FOR IMMEDIATE RELEASE
Civil Society Challenges UN Secretary-General Candidates to Take Accountability Pledge
37 Groups launch 5-part pledge on sexual exploitation and abuse, cholera
NEW YORK, July 28, 2016 — Thirty-seven civil society groups are calling on candidates for the next UN Secretary-General to take an Accountability Pledge that signals their commitment to building a more accountable and transparent United Nations.
“The next Secretary-General faces the challenge of ensuring that the UN responds justly when its peacekeepers and staff abuse or harm the very people they are sent to protect. We ask all candidates vying to become the UN’s next leader to commit to championing accountability by publicly taking this pledge,” said Beatrice Lindstrom, Staff Attorney with the Institute for Justice & Democracy in Haiti, which advocates for remedies for victims of the UN’s cholera outbreak and was one of the groups to initiate the Accountability Pledge.
Over the past year in particular, the UN has been roiled by accountability scandals, including revelations that large numbers of peacekeepers in Central African Republic have sexually abused civilians, including children. In addition to what has emerged as a global crisis of sexual exploitation and abuse, UN peacekeepers in Haiti have also been linked to the introduction of cholera, which has caused an ongoing epidemic in the country that has killed at least 10,000 people in the last six years.
“By failing to accept full responsibility for Haiti’s cholera epidemic and for sexual crimes committed by its own uniformed and non-uniformed peacekeepers, the UN has squandered its moral authority,” said Paula Donovan, Co-Director of AIDS-Free World and its Code Blue Campaign to end impunity for sexual exploitation and abuse by UN peacekeeping personnel. “The next Secretary-General must prove to the world, through her actions, that the UN is more concerned about protecting civilians than its own reputation.”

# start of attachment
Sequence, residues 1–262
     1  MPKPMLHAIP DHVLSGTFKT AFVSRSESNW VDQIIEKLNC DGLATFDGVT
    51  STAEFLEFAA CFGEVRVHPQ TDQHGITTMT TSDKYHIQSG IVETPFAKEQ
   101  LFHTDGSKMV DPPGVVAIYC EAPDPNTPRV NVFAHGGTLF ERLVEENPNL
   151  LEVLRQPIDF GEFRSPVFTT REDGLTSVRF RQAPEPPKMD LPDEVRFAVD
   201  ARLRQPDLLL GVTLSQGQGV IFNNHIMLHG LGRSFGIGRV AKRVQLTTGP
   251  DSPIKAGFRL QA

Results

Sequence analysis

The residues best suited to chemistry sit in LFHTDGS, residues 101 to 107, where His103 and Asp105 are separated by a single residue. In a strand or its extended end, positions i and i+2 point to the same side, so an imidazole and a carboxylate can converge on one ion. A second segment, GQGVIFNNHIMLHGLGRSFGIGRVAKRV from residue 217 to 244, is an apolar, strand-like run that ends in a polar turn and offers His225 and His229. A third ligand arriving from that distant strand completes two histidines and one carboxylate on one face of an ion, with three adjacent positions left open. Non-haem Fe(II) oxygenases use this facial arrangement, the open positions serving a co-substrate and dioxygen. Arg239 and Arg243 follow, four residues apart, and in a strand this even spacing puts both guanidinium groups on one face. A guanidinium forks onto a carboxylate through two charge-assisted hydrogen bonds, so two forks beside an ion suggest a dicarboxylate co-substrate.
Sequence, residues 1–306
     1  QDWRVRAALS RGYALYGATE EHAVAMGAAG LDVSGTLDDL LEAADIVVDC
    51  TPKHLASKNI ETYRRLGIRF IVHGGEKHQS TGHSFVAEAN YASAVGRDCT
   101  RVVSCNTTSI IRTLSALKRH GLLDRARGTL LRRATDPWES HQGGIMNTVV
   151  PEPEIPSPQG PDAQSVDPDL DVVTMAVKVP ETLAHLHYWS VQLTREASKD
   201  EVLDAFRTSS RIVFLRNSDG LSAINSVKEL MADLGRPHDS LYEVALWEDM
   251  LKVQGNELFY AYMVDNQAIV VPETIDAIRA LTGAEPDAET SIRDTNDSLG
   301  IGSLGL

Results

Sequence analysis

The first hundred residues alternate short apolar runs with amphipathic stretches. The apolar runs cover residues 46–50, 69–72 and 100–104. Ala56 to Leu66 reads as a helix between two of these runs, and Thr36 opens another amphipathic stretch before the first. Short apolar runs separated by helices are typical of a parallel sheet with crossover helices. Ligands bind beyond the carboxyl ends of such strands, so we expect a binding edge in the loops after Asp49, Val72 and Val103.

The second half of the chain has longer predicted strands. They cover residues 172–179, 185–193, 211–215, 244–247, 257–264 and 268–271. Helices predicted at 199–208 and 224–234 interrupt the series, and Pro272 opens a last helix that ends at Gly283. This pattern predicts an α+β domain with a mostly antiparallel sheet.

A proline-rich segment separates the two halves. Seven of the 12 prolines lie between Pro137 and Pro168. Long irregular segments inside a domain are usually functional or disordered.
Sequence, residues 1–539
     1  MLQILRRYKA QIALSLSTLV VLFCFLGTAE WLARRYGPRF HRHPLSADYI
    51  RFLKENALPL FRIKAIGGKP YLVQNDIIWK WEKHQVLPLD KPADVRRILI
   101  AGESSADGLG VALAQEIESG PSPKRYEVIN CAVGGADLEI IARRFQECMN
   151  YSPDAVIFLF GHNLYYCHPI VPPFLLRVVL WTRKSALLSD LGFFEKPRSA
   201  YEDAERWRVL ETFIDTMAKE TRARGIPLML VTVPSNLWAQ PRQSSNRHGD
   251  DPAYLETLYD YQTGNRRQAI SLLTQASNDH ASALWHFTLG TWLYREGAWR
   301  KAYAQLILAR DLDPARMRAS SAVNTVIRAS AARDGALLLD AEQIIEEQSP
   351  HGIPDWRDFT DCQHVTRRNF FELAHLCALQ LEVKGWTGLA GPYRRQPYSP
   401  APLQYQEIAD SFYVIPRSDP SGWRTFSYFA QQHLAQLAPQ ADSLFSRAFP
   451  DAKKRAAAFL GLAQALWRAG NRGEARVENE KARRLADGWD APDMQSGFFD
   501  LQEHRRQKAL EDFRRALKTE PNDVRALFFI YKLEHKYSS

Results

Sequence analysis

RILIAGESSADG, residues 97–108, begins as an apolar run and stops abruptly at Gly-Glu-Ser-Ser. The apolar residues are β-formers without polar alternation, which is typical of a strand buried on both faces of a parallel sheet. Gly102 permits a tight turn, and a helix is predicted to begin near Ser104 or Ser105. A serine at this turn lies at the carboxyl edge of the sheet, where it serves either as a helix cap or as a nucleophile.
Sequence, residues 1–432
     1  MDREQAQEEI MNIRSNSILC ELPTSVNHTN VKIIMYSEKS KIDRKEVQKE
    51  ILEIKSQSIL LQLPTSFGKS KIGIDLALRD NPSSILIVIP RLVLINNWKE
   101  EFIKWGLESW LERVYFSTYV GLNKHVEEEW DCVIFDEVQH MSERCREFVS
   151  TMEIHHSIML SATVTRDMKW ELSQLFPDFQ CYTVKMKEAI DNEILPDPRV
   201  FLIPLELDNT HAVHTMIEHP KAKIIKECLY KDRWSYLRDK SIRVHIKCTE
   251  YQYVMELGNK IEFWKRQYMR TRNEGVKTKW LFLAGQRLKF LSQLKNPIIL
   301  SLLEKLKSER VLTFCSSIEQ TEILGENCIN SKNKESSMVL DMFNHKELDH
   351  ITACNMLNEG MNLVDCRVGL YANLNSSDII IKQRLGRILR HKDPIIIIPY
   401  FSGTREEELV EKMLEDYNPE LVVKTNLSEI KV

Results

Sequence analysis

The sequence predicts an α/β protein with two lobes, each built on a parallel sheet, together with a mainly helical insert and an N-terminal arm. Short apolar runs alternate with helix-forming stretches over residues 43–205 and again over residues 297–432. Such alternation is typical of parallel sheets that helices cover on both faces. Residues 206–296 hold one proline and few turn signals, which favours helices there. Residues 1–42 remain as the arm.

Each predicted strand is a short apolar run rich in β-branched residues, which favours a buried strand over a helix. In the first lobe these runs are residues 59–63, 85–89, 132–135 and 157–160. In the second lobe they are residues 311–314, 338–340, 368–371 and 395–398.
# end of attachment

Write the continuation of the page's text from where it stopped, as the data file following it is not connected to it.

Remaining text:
The pledge consists of concrete commitments: to make UN accountability a personal priority; to end the culture of impunity for sexual exploitation and abuse committed by UN peacekeepers; and to ensure that victims of cholera are provided with remedies.
“Sexual abuse and cholera have received persistent attention throughout the selection process, but few candidates have put forth strategies to address them,” said Dr. Joia Mukherjee, Chief Medical Officer of Partners in Health, one of the organizational endorsers of the initiative.
The Pledge is endorsed by 37 civil society groups, ranging from organizations with a global reach and national human rights groups from around the world, including in countries that host peacekeeping missions.
Twelve candidates have been nominated for the post so far. The UN Security Council is expected to present a recommended candidate to the General Assembly in the fall. The new Secretary-General will succeed Ban Ki-moon in January of 2017.
AIDS-Free World and IJDH will be publishing the status of candidates’ pledges on their websites and via social media, and the organizations invite all member states and members of the public to monitor the candidates’ positions on UN accountability.
The full UN Accountability Pledge is available at: bitly.com/UNPledge
The Accountability Pledge is endorsed by the following organizations:
African Women’s Development Fund (Ghana)
AIDS-Free World (Canada, United States)
Albuquerque Center for Peace and Justice (United States)
Alternative Chance (Haiti)
Bureau des Avocats Internationaux (Haiti)
Canadian Voice of Women for Peace (Canada)
Center for Accountability of International Organizations (Switzerland)
Center for Constitutional Rights (United States)
Center for Justice & Accountability (United States)
Centre for Applied Legal Studies (South Africa)
Defensa de Niñas y Niños – Internacional (Costa Rica)
European Centre for Constitutional and Human Rights (Germany)
Foundation for Fundamental Rights (Pakistan)
Giuristi Democratici (Italy)
Global Justice Center (United States)
Government Accountability Project (United States)
Human Rights Advocates (United States)
International Federation for Human Rights (France)
International Justice Resource Center (United States)
Institute for Justice & Democracy in Haiti (United States)
Jacob Blaustein Institute for the Advancement of Human Rights (United States)
Labour, Health and Human Rights Development Centre (Nigeria)
Legal Resources Centre (South Africa)
Li,Li,Li! Read (United States)
MADRE (United States)
MATCH International Women’s Fund (Canada)
Mennonite Central Committee (United States)
National Human Rights Defense Network (RNDDH) (Haiti)
Palestinian Center for Human Rights (Palestine)
Partners In Health (United States)
Proyecto de Derechos Económicos, Sociales y Culturales (Mexico)
REDRESS (United Kingdom)
Report the Abuse (Switzerland)
Socio-Economic Rights Institute (South Africa)
World Federalist Movement – Canada (Canada)
World Federalist Movement – Institute for Global Policy (Netherlands, United States)